Imprisoned Acacia employees continue to languish whilst shareholders pick over ratios

ONE of the difficulties of the current stalemate between Barrick Gold and Acacia Mining is the fate of imprisoned employees and a former employee of Acacia, locked up somewhere in a Tanzanian jail.

These were the people arrested on charges of corruption that given their legal framing meant they never had the option of bail. It’s ten months since the employees were arrested by President John Magafuli’s administration – which is a long time to be incarcerated, especially on untested charges.

UK stockbroker Peel Hunt makes the point that Barrick has avoided this difficult reality. In seeking to justify its takeover valuation of Acacia – currently stalled whilst Barrick petitions minority shareholders – it has also ignored the guaranteed tax rebates that would flow from Acacia in the event operations recommence, says Peel Hunt. Or the economic benefit of releasing locked up gold-in-concentrate inventory.

For Mark Bristow, CEO of Barrick, the outcome with Acacia minority shareholders is an early tester, especially having only seven months ago completed the nil-premium merger of his Randgold Resources with Barrick Gold. Does he now offer a premium for Acacia?

One of the reasons Bristow has hardly ever participated in┬ámerger and acquisition activity is his life-long trepidation of giving equity away too cheaply. He never did it at Randgold so will he start now at Acacia? So, for him, there’s a bit of reputation risk at play.

Meetings with Acacia minorities underway now until July 9, when Barrick has to decide whether to embark on the takeover of Acacia, will probably see him making his points loud and clear, and the very valid point that – in essence – Acacia is in an enormous pickle.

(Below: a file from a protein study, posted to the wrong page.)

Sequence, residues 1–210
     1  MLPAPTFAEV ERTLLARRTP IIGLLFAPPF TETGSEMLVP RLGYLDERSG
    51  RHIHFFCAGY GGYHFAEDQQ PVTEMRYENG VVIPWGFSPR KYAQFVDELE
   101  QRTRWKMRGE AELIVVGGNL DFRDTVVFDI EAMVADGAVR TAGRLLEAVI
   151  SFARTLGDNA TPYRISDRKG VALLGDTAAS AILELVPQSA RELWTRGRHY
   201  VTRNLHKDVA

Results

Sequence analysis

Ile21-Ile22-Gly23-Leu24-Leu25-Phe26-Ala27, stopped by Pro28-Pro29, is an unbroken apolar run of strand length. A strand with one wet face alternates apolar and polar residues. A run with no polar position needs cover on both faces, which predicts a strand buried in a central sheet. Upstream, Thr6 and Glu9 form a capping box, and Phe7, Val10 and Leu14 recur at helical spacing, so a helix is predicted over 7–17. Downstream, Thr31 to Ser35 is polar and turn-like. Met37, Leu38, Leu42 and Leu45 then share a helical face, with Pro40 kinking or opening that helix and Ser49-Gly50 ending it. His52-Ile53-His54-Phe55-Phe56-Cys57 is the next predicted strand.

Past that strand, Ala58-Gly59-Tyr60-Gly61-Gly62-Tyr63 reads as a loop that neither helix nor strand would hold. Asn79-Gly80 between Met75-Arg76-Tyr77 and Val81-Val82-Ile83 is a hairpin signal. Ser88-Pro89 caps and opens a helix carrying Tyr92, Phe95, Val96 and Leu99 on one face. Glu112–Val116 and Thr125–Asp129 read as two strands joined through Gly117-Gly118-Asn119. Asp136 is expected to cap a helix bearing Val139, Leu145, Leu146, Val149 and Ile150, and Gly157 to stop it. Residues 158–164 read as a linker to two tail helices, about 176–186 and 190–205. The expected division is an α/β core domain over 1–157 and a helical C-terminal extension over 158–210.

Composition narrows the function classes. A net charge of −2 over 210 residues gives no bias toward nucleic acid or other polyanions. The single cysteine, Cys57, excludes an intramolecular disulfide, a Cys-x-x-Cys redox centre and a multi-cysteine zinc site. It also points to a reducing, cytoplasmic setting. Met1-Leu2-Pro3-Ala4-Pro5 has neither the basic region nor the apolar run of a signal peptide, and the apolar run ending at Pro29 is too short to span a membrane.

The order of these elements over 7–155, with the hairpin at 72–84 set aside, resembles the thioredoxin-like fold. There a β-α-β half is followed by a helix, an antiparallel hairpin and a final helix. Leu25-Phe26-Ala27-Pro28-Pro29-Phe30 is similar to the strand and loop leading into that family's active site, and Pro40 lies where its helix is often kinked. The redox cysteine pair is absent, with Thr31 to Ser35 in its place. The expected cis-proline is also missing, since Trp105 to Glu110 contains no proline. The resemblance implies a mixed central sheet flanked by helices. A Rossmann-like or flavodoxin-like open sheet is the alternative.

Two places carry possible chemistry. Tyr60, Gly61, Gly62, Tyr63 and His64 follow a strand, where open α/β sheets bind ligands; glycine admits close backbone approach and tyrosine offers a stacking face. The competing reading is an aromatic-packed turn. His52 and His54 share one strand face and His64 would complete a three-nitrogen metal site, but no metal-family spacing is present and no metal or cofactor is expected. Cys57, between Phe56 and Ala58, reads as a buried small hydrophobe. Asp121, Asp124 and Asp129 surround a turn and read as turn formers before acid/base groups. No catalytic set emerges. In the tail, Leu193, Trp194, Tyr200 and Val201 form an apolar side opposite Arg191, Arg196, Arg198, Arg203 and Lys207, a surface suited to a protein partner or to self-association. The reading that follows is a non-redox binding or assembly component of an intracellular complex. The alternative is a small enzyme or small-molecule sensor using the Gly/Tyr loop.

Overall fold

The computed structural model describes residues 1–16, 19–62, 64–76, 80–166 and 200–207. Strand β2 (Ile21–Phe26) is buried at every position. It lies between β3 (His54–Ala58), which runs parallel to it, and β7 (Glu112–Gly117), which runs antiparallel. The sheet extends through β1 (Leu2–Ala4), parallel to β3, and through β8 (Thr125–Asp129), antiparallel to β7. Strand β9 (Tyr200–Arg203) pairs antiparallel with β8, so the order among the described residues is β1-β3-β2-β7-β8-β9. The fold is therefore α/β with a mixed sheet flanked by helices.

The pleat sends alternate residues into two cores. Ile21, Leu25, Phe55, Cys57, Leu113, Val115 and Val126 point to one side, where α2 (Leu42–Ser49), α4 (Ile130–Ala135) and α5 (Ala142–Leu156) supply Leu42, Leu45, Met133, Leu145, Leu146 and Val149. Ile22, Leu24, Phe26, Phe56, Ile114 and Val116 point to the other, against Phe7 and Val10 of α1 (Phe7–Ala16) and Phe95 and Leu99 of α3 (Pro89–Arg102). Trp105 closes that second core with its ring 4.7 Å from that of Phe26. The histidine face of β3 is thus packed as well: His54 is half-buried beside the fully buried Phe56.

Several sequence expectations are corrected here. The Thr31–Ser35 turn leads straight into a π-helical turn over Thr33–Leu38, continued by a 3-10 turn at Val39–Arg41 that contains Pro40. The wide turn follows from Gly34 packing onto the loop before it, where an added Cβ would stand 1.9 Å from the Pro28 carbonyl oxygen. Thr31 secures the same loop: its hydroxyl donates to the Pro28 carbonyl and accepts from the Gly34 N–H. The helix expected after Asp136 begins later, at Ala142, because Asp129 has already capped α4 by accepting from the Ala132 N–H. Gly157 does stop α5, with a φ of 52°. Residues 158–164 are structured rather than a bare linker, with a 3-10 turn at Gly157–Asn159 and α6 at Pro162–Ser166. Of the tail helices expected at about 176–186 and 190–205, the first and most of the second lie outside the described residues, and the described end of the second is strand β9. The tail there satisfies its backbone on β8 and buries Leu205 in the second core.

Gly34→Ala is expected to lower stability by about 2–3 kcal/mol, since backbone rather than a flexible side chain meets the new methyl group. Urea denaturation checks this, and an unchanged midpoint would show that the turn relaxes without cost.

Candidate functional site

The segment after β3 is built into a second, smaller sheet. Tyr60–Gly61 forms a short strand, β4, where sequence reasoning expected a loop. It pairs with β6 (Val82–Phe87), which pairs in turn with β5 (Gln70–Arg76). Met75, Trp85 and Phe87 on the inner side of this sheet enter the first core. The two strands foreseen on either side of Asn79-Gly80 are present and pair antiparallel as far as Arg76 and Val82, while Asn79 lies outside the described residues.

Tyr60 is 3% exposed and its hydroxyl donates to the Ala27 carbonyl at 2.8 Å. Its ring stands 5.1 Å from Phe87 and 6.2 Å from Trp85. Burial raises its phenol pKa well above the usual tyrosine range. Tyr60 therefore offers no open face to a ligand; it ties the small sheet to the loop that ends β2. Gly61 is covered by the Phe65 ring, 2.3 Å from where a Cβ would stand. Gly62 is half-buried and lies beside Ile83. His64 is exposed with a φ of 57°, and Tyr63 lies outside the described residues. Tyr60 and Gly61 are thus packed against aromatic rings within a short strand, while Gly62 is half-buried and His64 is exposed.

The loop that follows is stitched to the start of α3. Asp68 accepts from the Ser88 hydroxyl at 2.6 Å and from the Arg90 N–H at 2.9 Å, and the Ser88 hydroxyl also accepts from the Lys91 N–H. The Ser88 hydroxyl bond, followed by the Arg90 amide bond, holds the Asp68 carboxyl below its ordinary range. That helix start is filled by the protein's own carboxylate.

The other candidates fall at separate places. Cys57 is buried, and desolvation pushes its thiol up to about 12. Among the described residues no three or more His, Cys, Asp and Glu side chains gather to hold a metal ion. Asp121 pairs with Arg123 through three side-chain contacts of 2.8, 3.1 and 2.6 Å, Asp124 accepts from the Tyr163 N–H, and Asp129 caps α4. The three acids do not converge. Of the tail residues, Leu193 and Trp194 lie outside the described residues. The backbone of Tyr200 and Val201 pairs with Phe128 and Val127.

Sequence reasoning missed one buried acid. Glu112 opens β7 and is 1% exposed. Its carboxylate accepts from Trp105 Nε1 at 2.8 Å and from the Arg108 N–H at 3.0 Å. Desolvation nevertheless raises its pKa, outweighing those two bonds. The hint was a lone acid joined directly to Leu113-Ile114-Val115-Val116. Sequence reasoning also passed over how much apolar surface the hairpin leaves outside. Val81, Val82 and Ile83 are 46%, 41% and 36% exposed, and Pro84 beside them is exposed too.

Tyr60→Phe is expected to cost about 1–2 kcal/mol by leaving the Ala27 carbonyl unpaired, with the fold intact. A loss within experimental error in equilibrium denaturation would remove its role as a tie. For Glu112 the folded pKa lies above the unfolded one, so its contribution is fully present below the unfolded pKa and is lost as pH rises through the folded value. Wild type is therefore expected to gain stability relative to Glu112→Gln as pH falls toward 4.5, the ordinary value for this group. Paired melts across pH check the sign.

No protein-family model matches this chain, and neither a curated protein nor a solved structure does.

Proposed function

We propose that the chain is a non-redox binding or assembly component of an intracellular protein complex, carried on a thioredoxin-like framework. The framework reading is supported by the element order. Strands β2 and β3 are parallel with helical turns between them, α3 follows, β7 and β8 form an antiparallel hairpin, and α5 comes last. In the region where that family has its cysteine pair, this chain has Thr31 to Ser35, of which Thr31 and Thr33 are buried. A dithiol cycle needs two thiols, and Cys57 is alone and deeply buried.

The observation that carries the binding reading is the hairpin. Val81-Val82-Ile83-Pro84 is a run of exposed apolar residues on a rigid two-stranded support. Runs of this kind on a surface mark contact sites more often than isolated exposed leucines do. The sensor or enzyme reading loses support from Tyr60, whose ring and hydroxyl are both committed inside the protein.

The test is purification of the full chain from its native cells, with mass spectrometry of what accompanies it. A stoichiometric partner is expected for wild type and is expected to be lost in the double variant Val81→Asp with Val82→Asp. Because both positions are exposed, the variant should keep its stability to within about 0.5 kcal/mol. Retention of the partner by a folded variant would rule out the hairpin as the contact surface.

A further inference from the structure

Does it resist the offer and try its luck at the International Court of Arbitration? Were it even to ‘win’ in some way, how does it plan for a future in Tanzania where administrators lie in wait, ready to throw spanners in wheels at every possible juncture?

If Bristow has the welfare of Acacia employees in his hands then surely so do Acacia minority shareholders who think the Barrick offer is too miserly. So there’s a very human ethical question: must people suffer whilst the money-changers picks over ratios?

But the chief culprit is the Tanzanian government. In the event it gets what it wants, which is the takeover of Acacia and the economic benefits of its negotiated deal with Barrick, does it then simply release the employees or go through the motions of a mock trial?

No-one seriously believes the employees face real charges; or if they do, let’s hope Bristow has negotiated their release as part of the package.